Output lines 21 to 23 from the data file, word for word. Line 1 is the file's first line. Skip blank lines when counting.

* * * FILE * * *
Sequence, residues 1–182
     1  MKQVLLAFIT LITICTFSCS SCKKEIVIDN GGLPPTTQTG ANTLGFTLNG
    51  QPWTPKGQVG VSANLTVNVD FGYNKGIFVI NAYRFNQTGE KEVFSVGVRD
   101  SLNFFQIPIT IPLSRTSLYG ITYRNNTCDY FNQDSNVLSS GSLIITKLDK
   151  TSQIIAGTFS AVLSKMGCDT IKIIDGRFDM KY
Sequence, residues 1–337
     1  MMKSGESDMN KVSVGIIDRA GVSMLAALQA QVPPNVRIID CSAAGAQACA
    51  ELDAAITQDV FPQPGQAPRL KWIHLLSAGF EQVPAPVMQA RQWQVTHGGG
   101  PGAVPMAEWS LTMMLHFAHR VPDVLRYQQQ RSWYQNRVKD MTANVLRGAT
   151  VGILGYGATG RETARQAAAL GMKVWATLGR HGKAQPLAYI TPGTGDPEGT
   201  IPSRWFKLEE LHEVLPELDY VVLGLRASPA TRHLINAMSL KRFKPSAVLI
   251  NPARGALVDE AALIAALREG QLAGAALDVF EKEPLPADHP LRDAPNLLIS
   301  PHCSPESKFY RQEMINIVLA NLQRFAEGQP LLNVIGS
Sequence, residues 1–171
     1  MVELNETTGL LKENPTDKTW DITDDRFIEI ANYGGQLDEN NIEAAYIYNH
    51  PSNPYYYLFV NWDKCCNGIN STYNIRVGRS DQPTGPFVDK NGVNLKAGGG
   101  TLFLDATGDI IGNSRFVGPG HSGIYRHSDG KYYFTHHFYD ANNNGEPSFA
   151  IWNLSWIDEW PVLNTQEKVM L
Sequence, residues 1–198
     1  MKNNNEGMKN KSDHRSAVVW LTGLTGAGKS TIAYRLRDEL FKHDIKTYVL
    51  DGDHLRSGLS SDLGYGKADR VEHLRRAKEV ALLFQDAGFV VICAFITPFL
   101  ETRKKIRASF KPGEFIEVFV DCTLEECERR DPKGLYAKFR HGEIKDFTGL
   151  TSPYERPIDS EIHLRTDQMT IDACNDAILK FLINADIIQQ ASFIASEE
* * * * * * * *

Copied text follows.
    51  DGDHLRSGLS SDLGYGKADR VEHLRRAKEV ALLFQDAGFV VICAFITPFL
   101  ETRKKIRASF KPGEFIEVFV DCTLEECERR DPKGLYAKFR HGEIKDFTGL
   151  TSPYERPIDS EIHLRTDQMT IDACNDAILK FLINADIIQQ ASFIASEE